Another key feature of the OSF is its project homepages, and their integration with other online storage systems. Though researchers can upload files directly to OSF, those who use Google Drive, Dropbox, or GitHub, for instance, can tie those accounts to an OSF project instead. OSF will pull files from those services automatically, thus providing a home for a project's many pieces, which a user can keep public, private, or share with collaborators. Should a user upload a revised version of a given file, the service retains both copies, thus providing a history of the changes.
Ben Marwick, an archaeologist at the University of Washington in Seattle, says this ability to integrate multiple online systems is one of the "strong attractions" of the OSF. Another, he says, is its integrated preprint server. OSF preprints can be associated with projects, providing an easy way to migrate back and forth between a project's data and the resulting manuscripts. Integration with the Hypothesis annotation service means users can comment on preprints, as well.
OSF includes two other elements: OSF Meetings, for sharing conference materials, and OSF Institutions, which provides a “central hub for research projects on a branded, dedicated OSF page,” as well as institutional log-in.
For Brown, OSF serves mostly as a home for very large data files - those over about 50 MB in size, which are too large for GitHub to handle efficiently. (Or at all - GitHub has a 100 MB file limit.) In order to work efficiently with those files, Brown's lab developed a tool, called osfclient, for uploading and downloading OSF files either from the Unix command line or using the Python programming language - a strategy that codifies research workflows and thus aids computational reproducibility; an R-language analog called osfr is separately under development.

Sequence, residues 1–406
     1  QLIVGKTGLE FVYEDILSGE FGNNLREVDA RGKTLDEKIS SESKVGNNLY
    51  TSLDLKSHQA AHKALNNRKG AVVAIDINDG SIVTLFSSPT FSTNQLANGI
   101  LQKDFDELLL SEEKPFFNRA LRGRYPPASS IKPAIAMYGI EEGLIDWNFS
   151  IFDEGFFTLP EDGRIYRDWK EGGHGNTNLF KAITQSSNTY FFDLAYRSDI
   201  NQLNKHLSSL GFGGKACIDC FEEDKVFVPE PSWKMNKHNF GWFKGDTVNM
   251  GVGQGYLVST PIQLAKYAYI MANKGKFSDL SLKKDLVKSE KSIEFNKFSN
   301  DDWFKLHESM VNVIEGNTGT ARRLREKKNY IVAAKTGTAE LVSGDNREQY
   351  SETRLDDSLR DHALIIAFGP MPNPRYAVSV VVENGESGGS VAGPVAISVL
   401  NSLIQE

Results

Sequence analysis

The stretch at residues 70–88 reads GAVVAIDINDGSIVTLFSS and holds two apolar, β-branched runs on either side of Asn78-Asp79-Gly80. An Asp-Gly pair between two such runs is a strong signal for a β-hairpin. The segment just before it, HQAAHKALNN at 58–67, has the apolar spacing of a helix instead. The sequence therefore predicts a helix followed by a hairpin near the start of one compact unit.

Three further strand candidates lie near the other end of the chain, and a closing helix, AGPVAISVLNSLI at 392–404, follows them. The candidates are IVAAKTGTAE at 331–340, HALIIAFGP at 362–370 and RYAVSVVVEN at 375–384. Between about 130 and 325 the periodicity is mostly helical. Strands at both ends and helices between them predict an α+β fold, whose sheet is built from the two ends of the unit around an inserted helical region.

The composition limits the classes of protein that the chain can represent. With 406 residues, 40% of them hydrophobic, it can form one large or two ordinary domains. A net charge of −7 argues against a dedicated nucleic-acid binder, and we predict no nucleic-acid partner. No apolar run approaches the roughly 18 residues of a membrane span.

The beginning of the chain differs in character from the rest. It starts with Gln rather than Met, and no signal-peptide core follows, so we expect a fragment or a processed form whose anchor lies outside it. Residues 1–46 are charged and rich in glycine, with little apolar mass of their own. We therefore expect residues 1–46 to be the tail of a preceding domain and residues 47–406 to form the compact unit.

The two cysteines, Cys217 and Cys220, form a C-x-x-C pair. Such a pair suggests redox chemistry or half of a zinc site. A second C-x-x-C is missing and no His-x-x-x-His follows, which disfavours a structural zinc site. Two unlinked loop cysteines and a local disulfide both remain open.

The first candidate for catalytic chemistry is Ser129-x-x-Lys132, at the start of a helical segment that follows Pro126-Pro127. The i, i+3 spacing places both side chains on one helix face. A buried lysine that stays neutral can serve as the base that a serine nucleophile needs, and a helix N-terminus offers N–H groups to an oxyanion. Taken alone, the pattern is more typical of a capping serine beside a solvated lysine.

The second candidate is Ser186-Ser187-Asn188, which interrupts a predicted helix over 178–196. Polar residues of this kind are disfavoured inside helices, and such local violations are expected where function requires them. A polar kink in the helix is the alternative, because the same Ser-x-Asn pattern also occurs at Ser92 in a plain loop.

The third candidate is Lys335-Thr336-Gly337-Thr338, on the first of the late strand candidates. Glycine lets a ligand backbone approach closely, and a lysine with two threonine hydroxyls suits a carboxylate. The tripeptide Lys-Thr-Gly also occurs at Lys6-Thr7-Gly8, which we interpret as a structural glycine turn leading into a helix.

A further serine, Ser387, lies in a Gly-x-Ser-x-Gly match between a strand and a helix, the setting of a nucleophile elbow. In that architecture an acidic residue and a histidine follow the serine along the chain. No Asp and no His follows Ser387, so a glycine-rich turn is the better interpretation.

Users can also upload files directly to OSF via its web interface, or indirectly via the Google Drive or Dropbox desktop applications. At present, no OSF file-synchronization desktop application is in the works, Nosek says. But according to Richard Ball, an economist at Haverford College in Haverford, Pennsylvania, it would be welcome: "That would take OSF to the next level of appeal and usefulness," he says.
Also missing, says Marwick, are the social features that make GitHub so popular - for instance, the ability to 'follow' a researcher and stay up to date with their latest activities.
Those concerns aside, what the OSF does do is advance research reproducibility by making it easier for researchers to document their own work, and to understand that of their colleagues. "That's the heart, to me, of what the OSF is," says Weston: "What are all the ways that I can be transparent with other researchers about what I did and why I did it? And what are the ways that I can be transparent with myself about what I did and why I did it?"
Jeffrey M. Perkel is technology editor at Nature.